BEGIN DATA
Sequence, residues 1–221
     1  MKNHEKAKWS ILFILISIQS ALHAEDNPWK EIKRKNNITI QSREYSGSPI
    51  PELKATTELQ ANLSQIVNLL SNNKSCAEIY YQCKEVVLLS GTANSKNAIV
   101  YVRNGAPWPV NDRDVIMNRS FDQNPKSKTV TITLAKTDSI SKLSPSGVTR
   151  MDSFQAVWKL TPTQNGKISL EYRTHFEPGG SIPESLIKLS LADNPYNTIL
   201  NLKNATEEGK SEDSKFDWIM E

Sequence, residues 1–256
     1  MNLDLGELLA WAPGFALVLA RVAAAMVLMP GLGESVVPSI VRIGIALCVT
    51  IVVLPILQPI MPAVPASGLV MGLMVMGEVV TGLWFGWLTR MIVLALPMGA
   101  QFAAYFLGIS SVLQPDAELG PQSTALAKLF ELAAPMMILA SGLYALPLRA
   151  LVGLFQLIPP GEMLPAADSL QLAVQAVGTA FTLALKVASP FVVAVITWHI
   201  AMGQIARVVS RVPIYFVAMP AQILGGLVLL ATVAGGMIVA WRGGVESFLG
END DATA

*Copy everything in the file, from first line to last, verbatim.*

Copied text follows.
Sequence, residues 1–221
     1  MKNHEKAKWS ILFILISIQS ALHAEDNPWK EIKRKNNITI QSREYSGSPI
    51  PELKATTELQ ANLSQIVNLL SNNKSCAEIY YQCKEVVLLS GTANSKNAIV
   101  YVRNGAPWPV NDRDVIMNRS FDQNPKSKTV TITLAKTDSI SKLSPSGVTR
   151  MDSFQAVWKL TPTQNGKISL EYRTHFEPGG SIPESLIKLS LADNPYNTIL
   201  NLKNATEEGK SEDSKFDWIM E

Sequence, residues 1–256
     1  MNLDLGELLA WAPGFALVLA RVAAAMVLMP GLGESVVPSI VRIGIALCVT
    51  IVVLPILQPI MPAVPASGLV MGLMVMGEVV TGLWFGWLTR MIVLALPMGA
   101  QFAAYFLGIS SVLQPDAELG PQSTALAKLF ELAAPMMILA SGLYALPLRA
   151  LVGLFQLIPP GEMLPAADSL QLAVQAVGTA FTLALKVASP FVVAVITWHI
   201  AMGQIARVVS RVPIYFVAMP AQILGGLVLL ATVAGGMIVA WRGGVESFLG